Many bars look to advertising to bring customers into their business. The new bar at Art in the Age, on the other hand, is in itself a sort of advertisement: a marketing tool for Art in the Age’s revamped craft spirits line.
As I wander past the shelves of shiny barware and cocktail cookbooks, branded T-shirts and artisanal bitters, and find a seat at the copper-topped bar, I try to avoid contemplating whether that makes me — as a customer, with a pair of those eyeballs advertisers so crave — the product.
Of course, I can look past a great deal if there’s a doughnut on the line. It comes, on this Tuesday in February, as part of a Fasnacht drink special: a Dutch Malt Rickey that’s too bitter for my taste, but is served with a dense, sugar-crusted treat from Federal Donuts as a sidecar.
It probably won’t appear on the menu again. The cocktail menu is a model of concision: just four drinks, short-lived specials designed to feature whatever’s new.
It’s an evolution for Art in the Age (AITA), which opened 10 years ago as both liquor brand and chic lifestyle boutique — one of those Brooklynish Old City shops where there’s not all that much merchandise and I can’t afford any of it, anyway.
But the store was reimagined after reformed Pennsylvania liquor laws meant that, for the first time, AITA had an avenue to selling their spirits on-site. Last November, they renovated, shifting the boutique’s inventory toward barware, mixers, and spirits, and turning the rear half of the shop into a tasting room under one of the limited-distillery licenses that have fueled an explosion of new cocktail bars serving local spirits.
In this case, the distillery is North Philadelphia’s New Liberty, which bottles the line of AITA spirits made at Tamworth Distilling in New Hampshire. Both AITA and Tamworth are projects of Steven Grasse, an adman whose greatest hits include Hendrick’s Gin and Sailor Jerry rum.
It’s been nearly two decades since Grasse created a retail-as-advertising model; then, it was an ironic convenience-store-meets-performance-art concept called G-mart. “G-mart is a statement. You walk into the store and you question what’s for sale,” Grasse told an Inquirer reporter in 1999. (The article also quotes a colleague of Grasse’s saying: “Old ladies come in here asking for milk. We say, ‘Yeah, we sell it, but we’re sold out now. Please come back tomorrow.’ “)
Fortunately, AITA’s tasting room is less prank, more passion project.
It reflects the transition of AITA from mass-produced spirits (the brand name, by the way, is a highbrow/despicable reference to the seminal 1936 essay about mass production’s impact on art, by critic Walter Benjamin) to small-batch, seasonal infusions.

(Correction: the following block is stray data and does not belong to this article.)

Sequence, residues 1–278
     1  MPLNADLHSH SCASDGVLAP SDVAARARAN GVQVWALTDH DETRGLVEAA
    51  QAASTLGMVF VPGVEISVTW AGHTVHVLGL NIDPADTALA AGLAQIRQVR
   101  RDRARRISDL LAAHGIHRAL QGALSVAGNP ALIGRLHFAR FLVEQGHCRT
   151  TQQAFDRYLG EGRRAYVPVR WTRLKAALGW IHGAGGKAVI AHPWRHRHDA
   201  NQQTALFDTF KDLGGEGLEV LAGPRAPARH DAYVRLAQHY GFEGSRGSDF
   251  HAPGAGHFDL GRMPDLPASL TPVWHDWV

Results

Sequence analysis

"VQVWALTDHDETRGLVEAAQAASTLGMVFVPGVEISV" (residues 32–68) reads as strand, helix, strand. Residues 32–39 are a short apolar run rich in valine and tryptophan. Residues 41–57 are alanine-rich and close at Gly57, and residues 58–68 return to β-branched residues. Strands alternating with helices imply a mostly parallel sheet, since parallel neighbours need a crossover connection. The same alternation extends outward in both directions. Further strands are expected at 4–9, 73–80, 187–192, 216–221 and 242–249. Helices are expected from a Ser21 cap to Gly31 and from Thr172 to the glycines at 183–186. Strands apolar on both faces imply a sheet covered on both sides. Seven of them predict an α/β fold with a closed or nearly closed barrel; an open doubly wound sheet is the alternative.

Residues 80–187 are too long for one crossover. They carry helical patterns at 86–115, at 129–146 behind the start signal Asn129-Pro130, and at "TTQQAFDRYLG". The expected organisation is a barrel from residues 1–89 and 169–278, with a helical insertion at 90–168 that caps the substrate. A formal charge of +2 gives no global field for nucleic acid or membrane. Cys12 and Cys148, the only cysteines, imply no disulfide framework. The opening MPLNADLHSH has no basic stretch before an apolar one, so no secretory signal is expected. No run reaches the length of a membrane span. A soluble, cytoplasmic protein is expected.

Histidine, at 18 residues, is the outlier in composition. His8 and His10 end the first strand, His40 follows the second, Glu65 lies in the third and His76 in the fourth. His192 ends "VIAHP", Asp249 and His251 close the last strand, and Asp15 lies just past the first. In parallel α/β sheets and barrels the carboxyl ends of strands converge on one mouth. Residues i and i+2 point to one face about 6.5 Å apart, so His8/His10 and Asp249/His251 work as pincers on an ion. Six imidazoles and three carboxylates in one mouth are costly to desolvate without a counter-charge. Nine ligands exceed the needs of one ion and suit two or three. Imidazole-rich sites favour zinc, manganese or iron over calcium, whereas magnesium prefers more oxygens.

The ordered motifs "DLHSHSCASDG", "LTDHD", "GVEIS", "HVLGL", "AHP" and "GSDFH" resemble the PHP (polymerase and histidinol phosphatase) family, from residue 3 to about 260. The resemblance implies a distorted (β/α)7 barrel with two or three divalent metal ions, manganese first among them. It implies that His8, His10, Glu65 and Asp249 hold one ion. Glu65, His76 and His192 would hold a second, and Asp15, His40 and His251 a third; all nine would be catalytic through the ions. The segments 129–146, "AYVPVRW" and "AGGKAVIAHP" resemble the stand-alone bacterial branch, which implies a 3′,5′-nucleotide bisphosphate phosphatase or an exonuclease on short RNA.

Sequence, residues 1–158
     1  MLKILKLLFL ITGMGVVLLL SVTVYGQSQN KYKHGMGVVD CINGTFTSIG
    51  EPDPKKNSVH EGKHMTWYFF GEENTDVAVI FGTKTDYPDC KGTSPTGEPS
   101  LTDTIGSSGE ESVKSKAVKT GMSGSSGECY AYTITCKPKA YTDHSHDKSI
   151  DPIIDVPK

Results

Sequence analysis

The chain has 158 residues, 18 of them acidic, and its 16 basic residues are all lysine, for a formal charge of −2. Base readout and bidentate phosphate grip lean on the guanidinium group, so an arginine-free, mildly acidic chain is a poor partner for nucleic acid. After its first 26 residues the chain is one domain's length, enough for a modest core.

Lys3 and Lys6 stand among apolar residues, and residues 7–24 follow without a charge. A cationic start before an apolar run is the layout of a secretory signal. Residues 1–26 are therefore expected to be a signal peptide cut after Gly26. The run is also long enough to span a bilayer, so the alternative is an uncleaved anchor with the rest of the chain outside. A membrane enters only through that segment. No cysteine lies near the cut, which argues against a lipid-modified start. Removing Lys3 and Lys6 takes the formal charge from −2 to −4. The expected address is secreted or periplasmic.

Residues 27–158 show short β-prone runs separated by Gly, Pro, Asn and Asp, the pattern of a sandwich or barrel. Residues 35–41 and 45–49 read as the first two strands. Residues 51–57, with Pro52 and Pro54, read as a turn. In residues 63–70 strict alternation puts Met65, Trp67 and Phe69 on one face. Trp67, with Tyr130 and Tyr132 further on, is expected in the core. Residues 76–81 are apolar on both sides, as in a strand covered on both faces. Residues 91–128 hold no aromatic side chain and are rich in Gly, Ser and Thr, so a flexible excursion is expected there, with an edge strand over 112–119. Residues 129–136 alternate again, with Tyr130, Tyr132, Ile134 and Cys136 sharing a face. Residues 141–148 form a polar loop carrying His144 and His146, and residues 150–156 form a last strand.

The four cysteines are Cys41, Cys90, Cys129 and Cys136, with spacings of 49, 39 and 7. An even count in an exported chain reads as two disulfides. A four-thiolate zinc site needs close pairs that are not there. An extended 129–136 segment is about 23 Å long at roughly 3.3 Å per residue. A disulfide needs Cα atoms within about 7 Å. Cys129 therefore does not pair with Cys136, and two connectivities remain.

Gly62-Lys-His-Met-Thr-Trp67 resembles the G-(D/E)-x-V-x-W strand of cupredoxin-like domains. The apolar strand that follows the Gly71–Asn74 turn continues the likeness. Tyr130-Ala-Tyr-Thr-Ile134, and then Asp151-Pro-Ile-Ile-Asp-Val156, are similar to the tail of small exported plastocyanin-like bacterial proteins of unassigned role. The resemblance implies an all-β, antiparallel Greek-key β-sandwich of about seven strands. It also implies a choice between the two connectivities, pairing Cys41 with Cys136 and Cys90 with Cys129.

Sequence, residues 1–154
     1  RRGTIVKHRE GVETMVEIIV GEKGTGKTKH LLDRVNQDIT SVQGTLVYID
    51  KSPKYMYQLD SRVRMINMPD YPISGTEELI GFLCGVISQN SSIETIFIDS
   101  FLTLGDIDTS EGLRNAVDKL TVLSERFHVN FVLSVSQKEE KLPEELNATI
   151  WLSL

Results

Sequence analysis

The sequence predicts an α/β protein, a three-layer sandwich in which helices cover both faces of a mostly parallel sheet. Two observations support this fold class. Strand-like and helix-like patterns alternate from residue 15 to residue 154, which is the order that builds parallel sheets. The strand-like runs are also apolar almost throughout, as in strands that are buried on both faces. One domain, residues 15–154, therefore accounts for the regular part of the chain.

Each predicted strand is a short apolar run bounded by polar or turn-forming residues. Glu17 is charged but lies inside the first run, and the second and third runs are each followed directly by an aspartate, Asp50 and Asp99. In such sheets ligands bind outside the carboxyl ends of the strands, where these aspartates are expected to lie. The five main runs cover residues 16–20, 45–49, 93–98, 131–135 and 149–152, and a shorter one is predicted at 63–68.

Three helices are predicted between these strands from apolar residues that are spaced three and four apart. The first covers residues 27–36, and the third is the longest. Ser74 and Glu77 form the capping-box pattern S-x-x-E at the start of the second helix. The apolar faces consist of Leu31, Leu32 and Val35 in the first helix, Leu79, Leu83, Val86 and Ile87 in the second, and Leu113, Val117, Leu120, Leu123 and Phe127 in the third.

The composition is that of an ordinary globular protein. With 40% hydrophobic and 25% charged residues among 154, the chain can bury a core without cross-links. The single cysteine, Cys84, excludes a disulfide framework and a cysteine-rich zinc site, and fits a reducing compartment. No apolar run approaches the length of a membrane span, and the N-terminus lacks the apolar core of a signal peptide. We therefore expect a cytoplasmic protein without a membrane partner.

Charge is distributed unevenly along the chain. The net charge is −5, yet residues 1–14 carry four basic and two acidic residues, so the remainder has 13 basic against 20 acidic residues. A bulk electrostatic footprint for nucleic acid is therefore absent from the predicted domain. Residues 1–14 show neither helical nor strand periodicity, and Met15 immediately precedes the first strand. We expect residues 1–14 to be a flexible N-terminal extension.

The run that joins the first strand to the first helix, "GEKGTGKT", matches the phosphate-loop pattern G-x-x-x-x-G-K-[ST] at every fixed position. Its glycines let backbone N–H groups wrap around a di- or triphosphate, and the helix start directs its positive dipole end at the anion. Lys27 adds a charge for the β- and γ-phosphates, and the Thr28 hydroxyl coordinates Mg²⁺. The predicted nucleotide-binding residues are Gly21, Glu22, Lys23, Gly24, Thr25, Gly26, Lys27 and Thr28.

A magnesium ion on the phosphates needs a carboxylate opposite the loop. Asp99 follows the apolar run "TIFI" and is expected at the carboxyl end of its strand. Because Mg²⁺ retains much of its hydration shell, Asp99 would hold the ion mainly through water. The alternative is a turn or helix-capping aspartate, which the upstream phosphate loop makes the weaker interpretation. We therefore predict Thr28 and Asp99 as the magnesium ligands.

“It allows for a lot of recipe experimentation,” said Kelly Curry, AITA store manager. “We were making these small-batch infusions already. But before the tasting room, we were never able to get them in the Pennsylvania market.”
On my visit, the space — heavy on exposed brick and weathered wood — is calm, almost hushed. As the evening wears on, a handful of neighbors and out-of-town tourists filter in.
Tastings are available for those curious about, say, black-trumpet-mushroom blueberry cordial, or the newest AITA release, a chicory liqueur.
But most stick to the cocktail menu. The Figgin Fizz is pleasantly sweet and herbal, made with citrus rosemary syrup, seltzer, New Liberty Powderhorn Rye Vodka and AITA fig cordial. Their take on the Manhattan is made with blended whiskey and, in place of sweet vermouth, black-walnut-and-damson-plum cordial.
Curry also plans a busy calendar of events: book releases, mixology workshops.
“We have ideas,” she said, “about it being a cocktail research lab.”
Art in the Age Tasting Room & Home Bar Supply
116 N. Third St., Philadelphia, 215-922-2600, artintheage.com
When to go: Aim for Thursdays, when a weekly happy hour brings one-off specials like the recent Rye Eagles Rye green-tea toddy. It’s open Wednesday-Saturday, 11 a.m.-7 p.m., and Sunday, noon-6 p.m.
Bring: Your parents and anyone else who can’t stand a noisy bar. Anyone who’s into obscure craft spirits. The locavores in your life.
Order: Tastings are available, including in flights of three spirits for $10. Or, choose from the revolving cocktail list. For those who aren’t into spirits, local beer and Ploughman Farms cider are also available.
Bathroom situation: Single-stall, clean and modern. A safe space in Old City.
Sounds like: A retail store more than a bar, with a calm 82 decibels of background music (Nico, The Clash, The Beach Boys) and quiet conversation.